Culture clash
Yes, finally it all boiled down to corporate culture.  Sikka  is credited, probably fairly,  with  bringing a new, and more aggressive work style to Infosys. From his vantage point in the US Bay area, he perhaps had  early warnings that the Infosys model of   manpower-intensive,service-centric software  had to adapt to  the garam hava of  Artificial Intelligenc (AI) and Internet of Things (IoT) -- or die.  He is, in all probability,  the brain behind  the  announcement that Infosys would hire 10,000 engineers in the US, even if it meant  retraining most of them.  It may have been the savvy thing to do -- to avoid a Trump-style backlash. But  the timing was unfortunate -- coming on the heels of  large-scale   retrenchment at Infosys' India end. It led to the   impression ( right or wrong) that Infosys was firing in India and hiring in the US.
See Image of the Day spot for   Tweet praise  and pans
It also came at a time when   mishandled announcements at Infosys suggested that senior management received pay or severance pay that ran into millions and represented  annual hikes of 30-50%, when the average employee- raise was limited to around 7%.  The Infosys Old Guard has been profoundly discomfited by such an adverse image for a  company which was founded and run (by them) on some old fashioned values and a deep rooted belief in ethical management that today's  more pragmatic managers  have no use for.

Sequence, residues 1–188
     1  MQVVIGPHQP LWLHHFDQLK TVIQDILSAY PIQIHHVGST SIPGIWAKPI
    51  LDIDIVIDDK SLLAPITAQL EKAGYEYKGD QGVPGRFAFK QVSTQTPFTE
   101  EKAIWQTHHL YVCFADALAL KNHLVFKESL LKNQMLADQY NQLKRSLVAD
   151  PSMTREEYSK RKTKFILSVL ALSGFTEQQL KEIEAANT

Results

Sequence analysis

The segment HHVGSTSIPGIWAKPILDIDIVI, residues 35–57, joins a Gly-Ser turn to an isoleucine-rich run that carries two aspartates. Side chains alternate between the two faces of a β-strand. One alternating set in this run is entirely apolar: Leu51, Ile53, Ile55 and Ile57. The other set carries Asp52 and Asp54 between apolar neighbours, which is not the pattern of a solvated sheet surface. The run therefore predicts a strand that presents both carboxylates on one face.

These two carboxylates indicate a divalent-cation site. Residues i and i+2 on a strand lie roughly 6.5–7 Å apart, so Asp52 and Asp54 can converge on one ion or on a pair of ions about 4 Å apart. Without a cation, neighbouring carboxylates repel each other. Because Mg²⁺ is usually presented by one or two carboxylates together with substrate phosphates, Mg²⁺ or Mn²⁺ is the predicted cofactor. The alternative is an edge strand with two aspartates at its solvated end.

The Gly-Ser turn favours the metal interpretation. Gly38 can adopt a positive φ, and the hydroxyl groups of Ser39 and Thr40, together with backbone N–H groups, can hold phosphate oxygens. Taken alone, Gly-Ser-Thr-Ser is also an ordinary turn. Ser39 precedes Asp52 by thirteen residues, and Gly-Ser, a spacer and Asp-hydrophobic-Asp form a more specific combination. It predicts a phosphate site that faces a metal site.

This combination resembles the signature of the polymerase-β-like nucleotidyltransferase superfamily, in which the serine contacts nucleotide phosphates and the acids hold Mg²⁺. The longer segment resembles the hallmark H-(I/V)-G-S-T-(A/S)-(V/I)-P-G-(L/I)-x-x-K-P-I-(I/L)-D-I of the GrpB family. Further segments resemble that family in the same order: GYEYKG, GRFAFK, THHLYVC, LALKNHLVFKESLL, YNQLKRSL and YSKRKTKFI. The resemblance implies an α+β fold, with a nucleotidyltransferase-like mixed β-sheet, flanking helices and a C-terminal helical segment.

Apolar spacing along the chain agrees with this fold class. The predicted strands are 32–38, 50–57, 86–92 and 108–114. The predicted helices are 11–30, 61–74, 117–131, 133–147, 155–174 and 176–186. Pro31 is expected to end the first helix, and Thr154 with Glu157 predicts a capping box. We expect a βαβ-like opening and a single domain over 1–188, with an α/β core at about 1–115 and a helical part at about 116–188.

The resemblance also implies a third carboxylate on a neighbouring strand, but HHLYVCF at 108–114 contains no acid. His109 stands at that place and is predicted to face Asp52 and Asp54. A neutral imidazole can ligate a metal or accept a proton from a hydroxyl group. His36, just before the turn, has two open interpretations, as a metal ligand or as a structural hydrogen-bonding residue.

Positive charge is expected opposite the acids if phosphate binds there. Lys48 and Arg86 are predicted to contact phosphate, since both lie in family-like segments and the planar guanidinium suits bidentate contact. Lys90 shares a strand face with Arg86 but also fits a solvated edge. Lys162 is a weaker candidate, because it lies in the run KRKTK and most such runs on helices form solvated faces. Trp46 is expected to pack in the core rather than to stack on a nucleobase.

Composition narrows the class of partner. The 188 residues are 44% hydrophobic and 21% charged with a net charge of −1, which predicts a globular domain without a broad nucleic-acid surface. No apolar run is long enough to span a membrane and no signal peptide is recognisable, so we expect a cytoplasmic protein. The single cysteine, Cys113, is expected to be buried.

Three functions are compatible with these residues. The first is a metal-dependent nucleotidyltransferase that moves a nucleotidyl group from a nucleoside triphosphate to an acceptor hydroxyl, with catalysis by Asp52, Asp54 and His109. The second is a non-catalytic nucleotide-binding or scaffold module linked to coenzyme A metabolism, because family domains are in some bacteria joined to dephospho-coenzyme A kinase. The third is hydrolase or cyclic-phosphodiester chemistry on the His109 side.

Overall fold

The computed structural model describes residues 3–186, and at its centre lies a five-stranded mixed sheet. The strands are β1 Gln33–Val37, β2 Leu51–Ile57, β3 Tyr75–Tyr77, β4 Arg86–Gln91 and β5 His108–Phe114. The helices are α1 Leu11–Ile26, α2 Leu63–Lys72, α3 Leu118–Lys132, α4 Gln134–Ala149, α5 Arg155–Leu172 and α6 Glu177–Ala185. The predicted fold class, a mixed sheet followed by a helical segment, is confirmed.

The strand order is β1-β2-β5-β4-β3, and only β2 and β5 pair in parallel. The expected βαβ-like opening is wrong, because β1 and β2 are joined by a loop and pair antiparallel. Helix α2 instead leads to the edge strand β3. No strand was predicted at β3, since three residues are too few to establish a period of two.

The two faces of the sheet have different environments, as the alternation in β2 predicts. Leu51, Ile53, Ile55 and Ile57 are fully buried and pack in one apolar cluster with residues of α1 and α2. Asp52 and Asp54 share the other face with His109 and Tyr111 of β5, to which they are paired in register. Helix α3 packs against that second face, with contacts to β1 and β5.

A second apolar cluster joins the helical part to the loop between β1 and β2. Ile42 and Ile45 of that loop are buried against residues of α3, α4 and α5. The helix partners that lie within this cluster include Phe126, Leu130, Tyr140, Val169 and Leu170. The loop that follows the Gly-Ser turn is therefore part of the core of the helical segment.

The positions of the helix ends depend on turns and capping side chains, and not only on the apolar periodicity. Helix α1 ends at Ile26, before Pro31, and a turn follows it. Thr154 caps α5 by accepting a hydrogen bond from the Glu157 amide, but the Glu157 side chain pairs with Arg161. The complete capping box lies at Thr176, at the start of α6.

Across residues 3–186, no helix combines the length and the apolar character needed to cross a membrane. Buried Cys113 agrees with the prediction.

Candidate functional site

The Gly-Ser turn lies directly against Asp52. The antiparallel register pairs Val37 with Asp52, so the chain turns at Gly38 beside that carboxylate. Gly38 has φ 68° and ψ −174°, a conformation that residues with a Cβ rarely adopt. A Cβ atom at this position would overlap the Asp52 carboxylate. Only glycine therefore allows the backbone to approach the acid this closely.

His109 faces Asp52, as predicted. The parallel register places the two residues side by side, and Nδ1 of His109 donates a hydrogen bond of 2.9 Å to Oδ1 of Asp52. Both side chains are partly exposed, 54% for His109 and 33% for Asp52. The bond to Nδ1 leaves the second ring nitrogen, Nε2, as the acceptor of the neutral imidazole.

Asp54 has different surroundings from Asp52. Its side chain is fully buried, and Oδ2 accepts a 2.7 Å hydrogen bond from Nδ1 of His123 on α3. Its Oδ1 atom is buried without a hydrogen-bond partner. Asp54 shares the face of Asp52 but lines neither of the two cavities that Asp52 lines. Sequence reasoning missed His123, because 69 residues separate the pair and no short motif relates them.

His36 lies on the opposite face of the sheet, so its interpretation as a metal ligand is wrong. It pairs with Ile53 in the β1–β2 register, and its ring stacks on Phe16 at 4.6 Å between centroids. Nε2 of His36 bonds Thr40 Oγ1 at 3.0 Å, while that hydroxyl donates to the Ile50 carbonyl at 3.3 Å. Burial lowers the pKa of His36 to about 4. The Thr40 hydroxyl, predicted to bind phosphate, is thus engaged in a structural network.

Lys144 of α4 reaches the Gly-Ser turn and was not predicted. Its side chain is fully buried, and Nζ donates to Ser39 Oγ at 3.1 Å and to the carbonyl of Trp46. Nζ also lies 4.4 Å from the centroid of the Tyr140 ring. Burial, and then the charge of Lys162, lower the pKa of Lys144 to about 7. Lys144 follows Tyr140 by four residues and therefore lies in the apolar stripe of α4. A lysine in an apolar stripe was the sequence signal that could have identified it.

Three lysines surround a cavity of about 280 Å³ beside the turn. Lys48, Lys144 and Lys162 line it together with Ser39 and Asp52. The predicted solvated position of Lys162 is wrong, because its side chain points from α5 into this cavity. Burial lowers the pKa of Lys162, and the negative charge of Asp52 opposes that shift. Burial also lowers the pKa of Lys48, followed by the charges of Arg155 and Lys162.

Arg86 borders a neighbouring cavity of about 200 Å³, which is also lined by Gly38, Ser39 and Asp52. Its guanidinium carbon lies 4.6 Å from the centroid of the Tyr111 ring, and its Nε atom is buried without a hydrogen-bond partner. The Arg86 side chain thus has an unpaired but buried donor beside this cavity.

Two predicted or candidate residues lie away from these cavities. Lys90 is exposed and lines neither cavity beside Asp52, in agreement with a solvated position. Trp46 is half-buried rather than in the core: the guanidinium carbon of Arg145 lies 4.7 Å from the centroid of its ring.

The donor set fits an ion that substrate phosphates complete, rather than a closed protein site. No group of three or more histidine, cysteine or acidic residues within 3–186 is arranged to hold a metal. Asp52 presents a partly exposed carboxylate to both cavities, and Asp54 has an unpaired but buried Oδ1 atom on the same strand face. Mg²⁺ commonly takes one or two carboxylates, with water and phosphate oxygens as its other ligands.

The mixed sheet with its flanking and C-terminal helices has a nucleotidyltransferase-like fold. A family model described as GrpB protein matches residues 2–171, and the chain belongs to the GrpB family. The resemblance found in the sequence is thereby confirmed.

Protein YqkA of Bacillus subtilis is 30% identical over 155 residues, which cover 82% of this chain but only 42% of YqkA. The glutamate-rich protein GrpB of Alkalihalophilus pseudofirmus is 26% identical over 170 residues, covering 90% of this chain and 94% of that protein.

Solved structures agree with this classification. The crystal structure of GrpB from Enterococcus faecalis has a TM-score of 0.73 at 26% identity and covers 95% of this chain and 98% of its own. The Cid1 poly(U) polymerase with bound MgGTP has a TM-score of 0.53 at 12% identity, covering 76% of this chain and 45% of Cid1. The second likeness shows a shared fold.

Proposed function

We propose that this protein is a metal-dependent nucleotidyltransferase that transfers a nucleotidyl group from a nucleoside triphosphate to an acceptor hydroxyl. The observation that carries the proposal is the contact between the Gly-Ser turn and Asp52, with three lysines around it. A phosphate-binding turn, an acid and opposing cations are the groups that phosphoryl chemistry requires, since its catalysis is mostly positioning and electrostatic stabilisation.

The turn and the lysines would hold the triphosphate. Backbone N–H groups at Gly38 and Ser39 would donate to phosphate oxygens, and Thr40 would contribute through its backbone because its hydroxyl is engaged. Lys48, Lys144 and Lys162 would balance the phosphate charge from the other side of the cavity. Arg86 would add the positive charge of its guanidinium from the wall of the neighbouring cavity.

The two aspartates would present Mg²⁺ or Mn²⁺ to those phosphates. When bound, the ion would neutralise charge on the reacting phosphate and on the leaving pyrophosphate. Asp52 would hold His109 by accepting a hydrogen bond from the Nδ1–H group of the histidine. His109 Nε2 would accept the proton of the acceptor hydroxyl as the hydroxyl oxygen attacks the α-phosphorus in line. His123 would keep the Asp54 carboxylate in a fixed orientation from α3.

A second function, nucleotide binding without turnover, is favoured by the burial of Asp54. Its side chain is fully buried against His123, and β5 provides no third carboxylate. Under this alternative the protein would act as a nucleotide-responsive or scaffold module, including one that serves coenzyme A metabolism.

Mr Narayana Murthy in particular has not hid his displeasure  at the new dispensation   and most tellingly on  the same morning of Sikka's resignation,  a leaked e-mail  from him, carried in  some media suggests  rather  revealingly, that Sikka was always considered by some of the founders to have been   CTO rather than CEO material. 
The swirl of controversy in recent weeks, was perhaps too much for Sikka to  take and when he  saw more attention to the style rather than the substance of his  contributions to Infosys, he    decided to leave.
That still leaves moot,  the question of which route Infosys will take; whether its core values and its belief in taking all its employees along,  is sustainable in an increasingly competitive market; or whether it will evolve its own path to progress where hard -nosed business can co-exist with  a broad humanity.  
In an earlier era the world saluted something called the HP way,  a less commercially crass, more humane way, of doing business  that was pioneered at Hewlett Packard  by its co founders  William Hewlett and David Packard. It no longer survives -- though the company, albeit split, does.
 Perhaps the 'Infosys Way' will prove more resilient and may   end up as an exemplar of  an Indian corporate style of working. If so, the Sikka Years may be just a short lived,   but brilliant blip,  in its  career graph.
Anand Parthasarathy